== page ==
The 13F reported that the fund had 1.3 million shares of fellow cigarette company Lorillard Inc. (NYSE:LO) in its portfolio at the beginning of January, down slightly from three months earlier. With Lorillard’s business being more mature on average, it pays a considerably higher dividend yield than Philip Morris (at 5.5%) and has a lower beta at 0.4. So it is a strong candidate for income or defensive investors. In addition, it is arguably a value stock given its trailing and forward P/E multiples of 14 and 12 respectively.
Renaissance owned 2.9 million shares of GlaxoSmithKline plc (NYSE:GSK) at the end of 2012. GlaxoSmithKline has the most generous yield of the companies on this list, at 5.9%, and as a drug manufacturer it too is moderately well insulated from macro conditions. However, it has also been reporting weak financials recently and so we would need to look more closely at the company before buying rather than focusing entirely on the dividend payments.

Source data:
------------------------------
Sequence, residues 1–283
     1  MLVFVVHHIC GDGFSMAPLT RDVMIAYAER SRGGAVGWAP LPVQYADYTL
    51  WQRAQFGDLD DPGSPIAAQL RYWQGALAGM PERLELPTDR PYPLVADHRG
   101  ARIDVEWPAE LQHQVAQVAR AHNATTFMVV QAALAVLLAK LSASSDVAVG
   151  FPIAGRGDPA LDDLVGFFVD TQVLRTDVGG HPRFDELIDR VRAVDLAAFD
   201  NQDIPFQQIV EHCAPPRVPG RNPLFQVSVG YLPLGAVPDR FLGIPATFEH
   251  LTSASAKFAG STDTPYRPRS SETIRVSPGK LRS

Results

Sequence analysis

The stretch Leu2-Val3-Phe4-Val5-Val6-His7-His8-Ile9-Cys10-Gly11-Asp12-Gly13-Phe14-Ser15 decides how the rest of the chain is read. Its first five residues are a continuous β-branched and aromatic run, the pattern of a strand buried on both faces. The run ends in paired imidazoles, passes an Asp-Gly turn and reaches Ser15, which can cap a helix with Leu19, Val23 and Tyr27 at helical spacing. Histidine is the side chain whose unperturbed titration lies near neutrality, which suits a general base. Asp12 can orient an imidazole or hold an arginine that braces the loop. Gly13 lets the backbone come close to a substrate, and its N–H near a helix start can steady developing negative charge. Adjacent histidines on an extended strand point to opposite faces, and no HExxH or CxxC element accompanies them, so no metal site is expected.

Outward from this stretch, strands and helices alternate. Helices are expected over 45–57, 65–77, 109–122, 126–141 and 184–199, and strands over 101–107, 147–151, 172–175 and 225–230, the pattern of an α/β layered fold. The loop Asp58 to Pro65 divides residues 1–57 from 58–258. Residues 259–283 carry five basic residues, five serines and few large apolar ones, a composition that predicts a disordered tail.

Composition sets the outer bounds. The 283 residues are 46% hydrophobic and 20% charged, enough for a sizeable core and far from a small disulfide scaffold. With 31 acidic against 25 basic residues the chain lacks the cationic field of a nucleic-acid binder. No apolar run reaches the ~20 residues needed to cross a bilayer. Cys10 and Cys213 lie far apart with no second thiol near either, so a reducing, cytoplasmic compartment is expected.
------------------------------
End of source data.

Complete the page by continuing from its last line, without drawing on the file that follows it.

We’d be a bit concerned about the recent results at the pharmaceutical companies, though GlaxoSmithKline’s yield is high enough that income investors should look into the business anyway. The cigarette manufacturers look a bit better, with Lorillard in particular offering an attractive combination of income and value. With Intel we are concerned about the business and even though the valuation is low we think it would be best to see a quarter or two of more stable performance before considering a position.
Disclosure: I own no shares of any stocks mentioned in this article.